Indebted Demand

BIS Working Papers  |  No 968  | 
19 October 2021



Rising debt and falling interest rates have characterised advanced economies over the past 40 years. The average real interest rate dropped from 6% in 1980 to less than zero in 2019. Meanwhile, the average debt to GDP ratio almost doubled from 139% in 1980 to over 270% in 2019. The economic fallout of the Covid-19 health crisis is likely to accelerate these patterns going forward, as governments pursue aggressive debt-financed stimulus policies. The objective of this paper is to understand how the twin phenomena of high debt and low interest rates came to be.


This paper explains the concomitant rise in debt and fall in interest rates by the liberalisation of the financial sector and income inequality. When rich households get richer, they tend to lend to poor ones. Given that poor households have relatively higher marginal propensities to consume, large debt levels weigh negatively on aggregate demand. As borrowers reduce their spending to make debt payments to savers, the latter – having greater saving rates – only imperfectly offset the shortfall in borrowers' spending. Such a situation, in which demand is depressed due to elevated debt levels, is called "indebted demand".


The concept of indebted demand has broad implications for evaluating which policies can potentially help advanced economies to escape the current high-debt and low-rate environment. An important finding of the paper is that policies that boost demand today through debt accumulation necessarily reduce demand going forward by shifting resources from borrowers to savers. Therefore, such policies contribute to persistently low interest rates.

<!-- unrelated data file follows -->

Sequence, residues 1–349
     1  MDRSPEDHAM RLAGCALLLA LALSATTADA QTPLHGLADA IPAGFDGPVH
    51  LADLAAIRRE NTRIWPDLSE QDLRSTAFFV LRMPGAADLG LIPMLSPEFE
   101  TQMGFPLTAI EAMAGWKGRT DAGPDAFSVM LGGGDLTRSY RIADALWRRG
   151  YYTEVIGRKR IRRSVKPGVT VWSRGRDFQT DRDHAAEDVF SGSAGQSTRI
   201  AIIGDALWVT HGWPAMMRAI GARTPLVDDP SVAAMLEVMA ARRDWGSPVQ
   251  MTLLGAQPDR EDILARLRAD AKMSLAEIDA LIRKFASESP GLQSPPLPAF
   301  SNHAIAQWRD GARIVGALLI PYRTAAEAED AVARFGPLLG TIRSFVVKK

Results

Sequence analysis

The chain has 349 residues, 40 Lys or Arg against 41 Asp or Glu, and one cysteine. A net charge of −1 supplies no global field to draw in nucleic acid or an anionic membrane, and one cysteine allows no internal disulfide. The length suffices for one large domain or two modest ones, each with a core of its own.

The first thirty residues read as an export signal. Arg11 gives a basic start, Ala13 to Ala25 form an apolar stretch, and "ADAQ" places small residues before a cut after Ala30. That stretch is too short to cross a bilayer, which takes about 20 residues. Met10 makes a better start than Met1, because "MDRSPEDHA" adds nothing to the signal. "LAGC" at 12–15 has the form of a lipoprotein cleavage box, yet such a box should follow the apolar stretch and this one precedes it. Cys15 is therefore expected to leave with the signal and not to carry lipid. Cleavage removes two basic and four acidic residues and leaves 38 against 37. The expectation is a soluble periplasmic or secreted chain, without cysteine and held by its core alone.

We propose a theory of indebted demand, capturing the idea that large debt burdens lower aggregate demand, and thus the natural rate of interest. At the core of the theory is the simple yet under-appreciated observation that borrowers and savers differ in their marginal propensities to save out of permanent income. Embedding this insight in a two-agent perpetual youth model, we find that recent trends in income inequality and financial deregulation lead to indebted household demand, pushing down the natural rate of interest. Moreover, popular expansionary policies-such as accommodative monetary policy-generate a debt-financed short-run boom at the expense of indebted demand in the future. When demand is sufficiently indebted, the economy gets stuck in a debt-driven liquidity trap, or debt trap. Escaping a debt trap requires consideration of less conventional macroeconomic policies, such as those focused on redistribution or those reducing the structural sources of high inequality.

Keywords: Indebted demand, inequality, debt, low rates, financial liberalisation

JEL classification: E21, E44, E6